I'm thinking about creating my own author website, but I need to be sure I want to do that, and decide what to do with it. And of course, I need to be willing to spend more of my limited free time working on that in addition to the other social media I need to engage in. Oh, and writing other stories.
Writing a book is a strange sort of process. I start off thinking about the story, the characters, the scenes and incidents, then write it all down. This is definitely the hardest part, but I really enjoy it. It feels a bit like the story already exists and wants me to write it. I often "see" the scenes as still images or short video clips in my imagination, and then try to write down an adequate description. I may even write out some scenes and incidents as and when I think of them, then write the rest around them.
As each novella is part of a series, I need to ensure there are no "continuity" or timeline problems, that the overall "feel" is consistent, and that character development is plausible.
I also want each one to work well enough as a stand-alone story. Which means figuring out how little backstory I need to include to set the scene and give context to this particular story.
Once that's done, I submit it to my constructive critiquing group in the hope that (a) they say it's entertaining and (b) some of them offer helpful suggestions.
After that, it's revision time. I don't mind that stage at all, as the whole idea is to tell the story as well as possible. I never over-write a draft, but save the revision as a new document. Well, I may change my mind about a change. With this novella, I think I left it alone for three weeks, then collated the comments I'd received and went through my draft a total of four times. Each time resulted in a new draft manuscript.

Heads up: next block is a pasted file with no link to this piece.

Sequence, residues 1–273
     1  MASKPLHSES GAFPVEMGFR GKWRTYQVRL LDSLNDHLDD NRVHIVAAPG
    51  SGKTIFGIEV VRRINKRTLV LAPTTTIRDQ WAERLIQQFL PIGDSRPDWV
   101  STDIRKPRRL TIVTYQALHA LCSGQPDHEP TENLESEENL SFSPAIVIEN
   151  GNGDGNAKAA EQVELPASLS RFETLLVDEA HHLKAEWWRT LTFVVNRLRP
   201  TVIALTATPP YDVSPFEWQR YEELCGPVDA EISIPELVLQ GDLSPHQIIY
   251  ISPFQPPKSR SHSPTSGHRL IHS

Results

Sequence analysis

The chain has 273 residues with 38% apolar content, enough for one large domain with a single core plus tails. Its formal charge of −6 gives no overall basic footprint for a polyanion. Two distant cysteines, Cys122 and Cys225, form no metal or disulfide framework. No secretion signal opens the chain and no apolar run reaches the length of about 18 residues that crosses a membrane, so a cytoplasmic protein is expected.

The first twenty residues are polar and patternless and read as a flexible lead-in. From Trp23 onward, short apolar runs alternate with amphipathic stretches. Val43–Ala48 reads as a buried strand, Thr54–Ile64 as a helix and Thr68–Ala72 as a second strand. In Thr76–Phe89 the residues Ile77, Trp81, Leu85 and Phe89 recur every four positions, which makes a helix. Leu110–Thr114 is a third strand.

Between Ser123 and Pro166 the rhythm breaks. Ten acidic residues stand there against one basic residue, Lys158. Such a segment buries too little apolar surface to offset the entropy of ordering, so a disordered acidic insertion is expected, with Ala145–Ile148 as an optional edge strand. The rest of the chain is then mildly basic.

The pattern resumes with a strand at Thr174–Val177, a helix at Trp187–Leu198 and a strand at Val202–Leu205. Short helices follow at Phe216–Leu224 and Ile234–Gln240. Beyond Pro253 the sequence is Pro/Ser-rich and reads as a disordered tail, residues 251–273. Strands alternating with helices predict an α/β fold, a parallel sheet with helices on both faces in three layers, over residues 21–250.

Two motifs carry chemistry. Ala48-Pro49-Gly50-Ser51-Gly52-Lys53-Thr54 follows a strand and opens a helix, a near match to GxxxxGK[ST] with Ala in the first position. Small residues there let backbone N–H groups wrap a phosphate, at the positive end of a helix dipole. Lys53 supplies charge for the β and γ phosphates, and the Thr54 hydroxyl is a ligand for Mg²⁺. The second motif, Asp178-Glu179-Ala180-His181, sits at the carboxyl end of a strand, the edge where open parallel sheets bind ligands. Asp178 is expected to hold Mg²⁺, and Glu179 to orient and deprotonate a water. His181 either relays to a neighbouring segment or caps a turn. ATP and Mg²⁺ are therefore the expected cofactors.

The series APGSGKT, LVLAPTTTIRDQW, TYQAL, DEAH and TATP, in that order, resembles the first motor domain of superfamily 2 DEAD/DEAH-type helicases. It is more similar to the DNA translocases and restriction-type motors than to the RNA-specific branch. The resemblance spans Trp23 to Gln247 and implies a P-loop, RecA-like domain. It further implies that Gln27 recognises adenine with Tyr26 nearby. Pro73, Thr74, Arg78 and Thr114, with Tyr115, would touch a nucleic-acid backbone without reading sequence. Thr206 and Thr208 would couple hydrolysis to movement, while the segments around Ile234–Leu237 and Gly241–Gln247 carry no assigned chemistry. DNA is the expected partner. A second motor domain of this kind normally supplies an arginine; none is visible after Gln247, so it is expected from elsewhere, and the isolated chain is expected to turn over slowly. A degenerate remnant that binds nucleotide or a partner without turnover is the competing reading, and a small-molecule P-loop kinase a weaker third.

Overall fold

Then I sent it to my publisher's editor.
And tried not to feel nervous.
Getting an e-mail from the publisher offering a contract gives me a real lift every time. It means other people like my story enough to invest time and money turning it into a book to sell
Actually, I had something constructive to do while I was waiting - come up with an idea about the cover and try to find suitable images on my publisher's preferred stock photo sites. Every time, I've found this far harder than I expected. I've found it rather tedious wading through page after page of photos.
Perhaps I've just been unlucky, but I've found the range of images are on some of these sites to be surprisingly limited. Lots and lots of pretty women who seem to be in the late teens or early twenties, but few who look like they're in their thirties. And how come every man with long hair has to have a beard as well? I'm seriously thinking of trying to find suitable models and taking my own photos in the future. In fact, the lower half of the cover art for my second novella was a photoshop merging of two of my own photos - the knights in armour and the Dartmoor landscape.
I've worked with editors on every story which has been published, and in every case, I found them to be really helpful and constructive. They already think my story has potential and want to help me tell it as well as possible. We've had some great e-mail conversations along the way, often about differences in English usage between the UK and US. There's usually a compromise which keeps us both happy.
Then, once it's published, all I can do is try to tell people about it, hope they buy and read a copy, and keep my fingers crossed that as many as possible will be motivated to post reviews on e-book sites.
Oh well, back to thinking about book 4 in my series. I've got to think of some entertaining ways to give my characters an uncomfortable time...